The use of biotechnology in agriculture has the potential to develop a new type of agriculture relying more on biological processes than chemical applications. Pest-resistant plants will require fewer chemical treatments. The use of biotechnology may further lead to, an increase in agricultural yields, particularly in poor or fragile soil systems; the development of drought resistant strains; a reduction in land use requirement and subsequent reduction in deforestation, and possibly increase genetic diversity through gene transfer and better knowledge of different genotypes. Economically, biotechnology can reduce the risks farmers presently face with the uncertainty of certain crops and possibly assist diversification through the introduction of new pharmaceutical or chemical produce. Potentially, biotechnology can assist in raising food production in developing countries.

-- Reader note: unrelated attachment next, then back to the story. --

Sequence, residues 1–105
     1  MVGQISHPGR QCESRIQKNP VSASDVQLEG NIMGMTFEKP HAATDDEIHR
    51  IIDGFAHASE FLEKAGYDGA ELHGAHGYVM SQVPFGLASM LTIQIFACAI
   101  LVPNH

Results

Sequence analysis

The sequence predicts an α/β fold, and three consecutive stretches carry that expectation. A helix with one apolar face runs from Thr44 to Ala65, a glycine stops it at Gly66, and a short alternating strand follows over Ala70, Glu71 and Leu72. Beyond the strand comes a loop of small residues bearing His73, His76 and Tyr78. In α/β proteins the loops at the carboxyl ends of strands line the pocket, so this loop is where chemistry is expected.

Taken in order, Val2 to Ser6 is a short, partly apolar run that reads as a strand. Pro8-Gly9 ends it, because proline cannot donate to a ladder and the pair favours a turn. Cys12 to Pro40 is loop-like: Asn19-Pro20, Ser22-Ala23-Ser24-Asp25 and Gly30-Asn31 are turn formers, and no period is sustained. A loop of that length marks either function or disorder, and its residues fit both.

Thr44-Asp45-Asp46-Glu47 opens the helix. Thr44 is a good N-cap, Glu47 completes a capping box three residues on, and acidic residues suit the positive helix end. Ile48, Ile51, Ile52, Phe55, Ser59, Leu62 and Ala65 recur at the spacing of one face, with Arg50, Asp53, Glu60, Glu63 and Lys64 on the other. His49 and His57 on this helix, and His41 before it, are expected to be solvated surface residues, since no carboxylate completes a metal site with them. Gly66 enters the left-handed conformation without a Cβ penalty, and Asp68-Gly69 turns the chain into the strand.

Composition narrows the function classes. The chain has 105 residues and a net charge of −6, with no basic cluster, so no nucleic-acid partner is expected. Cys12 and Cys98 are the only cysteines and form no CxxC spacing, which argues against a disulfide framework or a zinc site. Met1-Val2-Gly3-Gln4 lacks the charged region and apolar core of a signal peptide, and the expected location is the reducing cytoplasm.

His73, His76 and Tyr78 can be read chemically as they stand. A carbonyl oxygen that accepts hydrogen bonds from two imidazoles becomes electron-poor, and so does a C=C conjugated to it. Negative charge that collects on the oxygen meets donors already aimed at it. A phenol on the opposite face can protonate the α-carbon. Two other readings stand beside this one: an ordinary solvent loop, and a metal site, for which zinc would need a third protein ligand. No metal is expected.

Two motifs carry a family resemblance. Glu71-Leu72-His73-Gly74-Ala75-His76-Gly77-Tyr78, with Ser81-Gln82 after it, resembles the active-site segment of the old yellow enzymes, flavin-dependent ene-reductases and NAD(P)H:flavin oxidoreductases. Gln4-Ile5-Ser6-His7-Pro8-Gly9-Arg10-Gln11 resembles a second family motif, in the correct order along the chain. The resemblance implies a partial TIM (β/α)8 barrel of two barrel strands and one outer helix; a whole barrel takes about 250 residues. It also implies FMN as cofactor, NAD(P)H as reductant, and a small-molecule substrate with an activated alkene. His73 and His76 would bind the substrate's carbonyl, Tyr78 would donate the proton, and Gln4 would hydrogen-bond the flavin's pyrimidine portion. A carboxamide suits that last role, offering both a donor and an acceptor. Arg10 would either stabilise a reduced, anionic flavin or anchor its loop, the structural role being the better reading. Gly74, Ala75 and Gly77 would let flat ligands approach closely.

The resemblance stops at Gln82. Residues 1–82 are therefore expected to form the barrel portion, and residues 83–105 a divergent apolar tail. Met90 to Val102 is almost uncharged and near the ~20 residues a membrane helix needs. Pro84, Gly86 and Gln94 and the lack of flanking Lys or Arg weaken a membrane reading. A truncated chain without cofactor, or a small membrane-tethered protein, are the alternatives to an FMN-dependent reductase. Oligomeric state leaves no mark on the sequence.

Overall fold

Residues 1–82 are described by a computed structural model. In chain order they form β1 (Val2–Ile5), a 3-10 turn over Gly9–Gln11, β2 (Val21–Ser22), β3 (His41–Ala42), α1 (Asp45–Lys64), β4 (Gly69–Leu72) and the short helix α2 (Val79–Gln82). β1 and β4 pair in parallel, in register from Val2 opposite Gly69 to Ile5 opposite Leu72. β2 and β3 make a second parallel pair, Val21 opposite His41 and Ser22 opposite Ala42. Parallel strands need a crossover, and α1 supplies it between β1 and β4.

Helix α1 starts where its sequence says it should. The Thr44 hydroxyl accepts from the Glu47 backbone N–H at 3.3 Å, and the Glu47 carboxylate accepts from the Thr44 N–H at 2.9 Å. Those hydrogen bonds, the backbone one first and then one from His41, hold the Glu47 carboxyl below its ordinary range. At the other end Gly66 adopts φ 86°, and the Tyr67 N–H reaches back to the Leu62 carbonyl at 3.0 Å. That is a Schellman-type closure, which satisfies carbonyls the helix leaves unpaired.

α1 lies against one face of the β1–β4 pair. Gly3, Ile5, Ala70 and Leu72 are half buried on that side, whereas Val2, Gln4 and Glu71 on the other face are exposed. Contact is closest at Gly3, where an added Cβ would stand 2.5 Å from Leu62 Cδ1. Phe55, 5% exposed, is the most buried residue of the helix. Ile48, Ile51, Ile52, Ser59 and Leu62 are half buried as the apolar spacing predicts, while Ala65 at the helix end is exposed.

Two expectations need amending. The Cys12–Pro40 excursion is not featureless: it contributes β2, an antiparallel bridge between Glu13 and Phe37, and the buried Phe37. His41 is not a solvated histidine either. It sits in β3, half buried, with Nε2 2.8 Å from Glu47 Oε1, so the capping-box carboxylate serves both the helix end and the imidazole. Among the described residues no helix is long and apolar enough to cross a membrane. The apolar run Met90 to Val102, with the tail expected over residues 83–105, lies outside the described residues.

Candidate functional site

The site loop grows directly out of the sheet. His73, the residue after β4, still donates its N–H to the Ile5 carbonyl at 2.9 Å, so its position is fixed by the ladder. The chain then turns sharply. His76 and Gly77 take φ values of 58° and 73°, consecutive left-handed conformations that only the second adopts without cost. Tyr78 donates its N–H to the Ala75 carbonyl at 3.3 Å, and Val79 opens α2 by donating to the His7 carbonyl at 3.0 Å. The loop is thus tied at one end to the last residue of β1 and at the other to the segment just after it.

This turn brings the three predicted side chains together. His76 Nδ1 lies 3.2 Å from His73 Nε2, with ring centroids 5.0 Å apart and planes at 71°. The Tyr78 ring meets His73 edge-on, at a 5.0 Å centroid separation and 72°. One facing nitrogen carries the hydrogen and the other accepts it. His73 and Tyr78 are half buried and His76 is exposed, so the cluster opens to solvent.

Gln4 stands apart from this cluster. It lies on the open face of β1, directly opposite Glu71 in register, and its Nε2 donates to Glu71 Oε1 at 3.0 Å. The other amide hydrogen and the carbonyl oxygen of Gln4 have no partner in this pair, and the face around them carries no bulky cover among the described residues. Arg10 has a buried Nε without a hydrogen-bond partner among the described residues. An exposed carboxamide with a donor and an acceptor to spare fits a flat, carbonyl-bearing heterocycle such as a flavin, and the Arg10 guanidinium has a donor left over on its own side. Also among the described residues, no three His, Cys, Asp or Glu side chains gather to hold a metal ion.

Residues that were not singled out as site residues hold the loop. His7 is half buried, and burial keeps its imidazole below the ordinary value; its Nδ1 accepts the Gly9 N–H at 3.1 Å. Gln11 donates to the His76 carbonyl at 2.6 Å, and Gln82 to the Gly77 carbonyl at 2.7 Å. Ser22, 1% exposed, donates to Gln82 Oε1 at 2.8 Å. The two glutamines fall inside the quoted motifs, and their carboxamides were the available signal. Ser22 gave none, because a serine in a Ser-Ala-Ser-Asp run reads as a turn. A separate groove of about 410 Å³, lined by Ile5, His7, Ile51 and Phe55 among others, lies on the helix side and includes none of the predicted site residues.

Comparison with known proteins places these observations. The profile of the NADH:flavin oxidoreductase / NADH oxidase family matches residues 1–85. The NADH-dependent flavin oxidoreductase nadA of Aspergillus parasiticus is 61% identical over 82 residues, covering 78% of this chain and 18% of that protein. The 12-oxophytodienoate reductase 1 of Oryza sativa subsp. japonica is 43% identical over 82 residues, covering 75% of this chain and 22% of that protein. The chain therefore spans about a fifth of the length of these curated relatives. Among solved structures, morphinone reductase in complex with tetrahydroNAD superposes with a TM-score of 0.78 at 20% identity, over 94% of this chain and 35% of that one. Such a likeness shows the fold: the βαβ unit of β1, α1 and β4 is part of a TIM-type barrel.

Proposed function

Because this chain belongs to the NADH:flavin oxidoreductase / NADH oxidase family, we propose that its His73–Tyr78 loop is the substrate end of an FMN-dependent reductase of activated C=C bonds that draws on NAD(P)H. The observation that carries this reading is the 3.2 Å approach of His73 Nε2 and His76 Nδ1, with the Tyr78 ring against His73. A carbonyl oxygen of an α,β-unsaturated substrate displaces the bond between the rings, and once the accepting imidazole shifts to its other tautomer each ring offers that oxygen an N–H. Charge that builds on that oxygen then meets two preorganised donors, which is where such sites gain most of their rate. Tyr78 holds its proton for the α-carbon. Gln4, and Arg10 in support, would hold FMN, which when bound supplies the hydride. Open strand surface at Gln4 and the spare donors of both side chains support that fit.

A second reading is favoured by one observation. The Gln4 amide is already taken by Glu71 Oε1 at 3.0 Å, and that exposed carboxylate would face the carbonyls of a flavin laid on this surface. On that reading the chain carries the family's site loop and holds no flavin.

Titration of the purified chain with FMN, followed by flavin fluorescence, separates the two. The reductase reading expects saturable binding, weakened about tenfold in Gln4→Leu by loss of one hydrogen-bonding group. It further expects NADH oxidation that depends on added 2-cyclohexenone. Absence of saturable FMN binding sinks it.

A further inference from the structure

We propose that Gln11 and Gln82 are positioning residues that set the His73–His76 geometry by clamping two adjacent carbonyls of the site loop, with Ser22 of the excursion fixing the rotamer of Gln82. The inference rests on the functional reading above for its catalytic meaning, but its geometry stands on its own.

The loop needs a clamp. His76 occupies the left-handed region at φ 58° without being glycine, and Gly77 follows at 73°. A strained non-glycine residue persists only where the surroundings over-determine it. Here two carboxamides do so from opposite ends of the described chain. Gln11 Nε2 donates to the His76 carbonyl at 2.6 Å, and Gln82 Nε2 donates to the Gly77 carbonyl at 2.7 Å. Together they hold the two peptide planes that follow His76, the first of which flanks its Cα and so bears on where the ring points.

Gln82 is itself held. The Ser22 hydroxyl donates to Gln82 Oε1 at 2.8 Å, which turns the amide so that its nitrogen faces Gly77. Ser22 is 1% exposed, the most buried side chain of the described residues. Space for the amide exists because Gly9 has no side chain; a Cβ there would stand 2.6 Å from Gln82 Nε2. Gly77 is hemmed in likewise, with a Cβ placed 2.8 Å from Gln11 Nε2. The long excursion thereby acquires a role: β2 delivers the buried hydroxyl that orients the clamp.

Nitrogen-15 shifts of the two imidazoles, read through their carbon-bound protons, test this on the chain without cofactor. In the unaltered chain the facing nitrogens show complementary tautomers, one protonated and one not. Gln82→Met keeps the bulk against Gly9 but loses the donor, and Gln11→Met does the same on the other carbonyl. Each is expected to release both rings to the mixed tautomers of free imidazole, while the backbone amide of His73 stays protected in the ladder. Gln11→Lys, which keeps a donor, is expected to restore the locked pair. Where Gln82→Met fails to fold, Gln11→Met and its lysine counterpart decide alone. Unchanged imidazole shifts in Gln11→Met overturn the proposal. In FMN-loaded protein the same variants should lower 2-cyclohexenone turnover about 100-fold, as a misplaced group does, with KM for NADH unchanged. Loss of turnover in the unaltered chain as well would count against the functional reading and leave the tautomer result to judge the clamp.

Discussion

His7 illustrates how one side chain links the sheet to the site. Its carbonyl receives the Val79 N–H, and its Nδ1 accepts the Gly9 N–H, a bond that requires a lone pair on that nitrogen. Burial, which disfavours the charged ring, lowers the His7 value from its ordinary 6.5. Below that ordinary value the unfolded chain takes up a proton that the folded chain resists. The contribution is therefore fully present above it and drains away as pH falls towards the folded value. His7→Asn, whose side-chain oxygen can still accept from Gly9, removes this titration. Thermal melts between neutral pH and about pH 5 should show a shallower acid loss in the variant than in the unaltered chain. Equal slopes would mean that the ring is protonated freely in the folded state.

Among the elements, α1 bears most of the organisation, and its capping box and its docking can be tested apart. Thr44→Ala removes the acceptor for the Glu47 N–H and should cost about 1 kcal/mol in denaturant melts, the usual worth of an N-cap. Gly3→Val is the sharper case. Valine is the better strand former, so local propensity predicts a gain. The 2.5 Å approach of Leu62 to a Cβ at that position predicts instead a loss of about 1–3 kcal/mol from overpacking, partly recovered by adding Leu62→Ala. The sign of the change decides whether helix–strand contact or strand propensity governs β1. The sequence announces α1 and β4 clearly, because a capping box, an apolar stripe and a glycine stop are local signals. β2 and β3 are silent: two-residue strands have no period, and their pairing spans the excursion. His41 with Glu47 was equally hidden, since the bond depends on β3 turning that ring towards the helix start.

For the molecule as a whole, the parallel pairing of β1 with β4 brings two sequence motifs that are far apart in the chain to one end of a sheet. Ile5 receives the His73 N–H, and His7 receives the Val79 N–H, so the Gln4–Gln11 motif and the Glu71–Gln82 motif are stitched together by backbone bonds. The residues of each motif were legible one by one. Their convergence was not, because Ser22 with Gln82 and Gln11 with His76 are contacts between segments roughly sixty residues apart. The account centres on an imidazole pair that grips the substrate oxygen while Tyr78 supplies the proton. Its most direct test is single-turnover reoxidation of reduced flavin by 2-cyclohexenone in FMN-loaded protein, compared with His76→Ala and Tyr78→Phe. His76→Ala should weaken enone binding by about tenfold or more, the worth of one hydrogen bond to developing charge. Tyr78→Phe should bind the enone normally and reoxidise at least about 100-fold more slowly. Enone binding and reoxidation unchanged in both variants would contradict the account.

Plant biotechnology can facilitate the farming of crops with multiple durable resistance to pests and diseases, particularly in the absence of pesticides. Likewise, transgenes or marker-assisted selection may assist in the development of high yielding crops, which are needed to feed the world and save land for the conservation of plant biodiversity in natural habitats. Hence, crops should be engineered to meet the demands and needs of consumers. The genetic base of crop production can be preserved and widen by an integration of biotechnology tools in conventional breeding.
This strategy features in the framework of Agenda 21 as formulated at UNCED (Rio de Janeiro, 1992), now coordinated by the United Nations Commission on Sustainable Development and implemented through national and local authorities.
Biotechnology in agriculture is currently being promoted aggressively by corporate interests who also have a major influence on trade negotiations.
There is no single gene for such properties as high yield, increased nitrogen fixation, increased hardiness, etc. Such valuable properties are the consequence of combinations of many different genes interacting with each other and the environment. To believe that it is possible to produce fertile, healthy, stable and valuable plants by inserting many different "desirable" genes is wishful thinking that has no support in present scientific experience.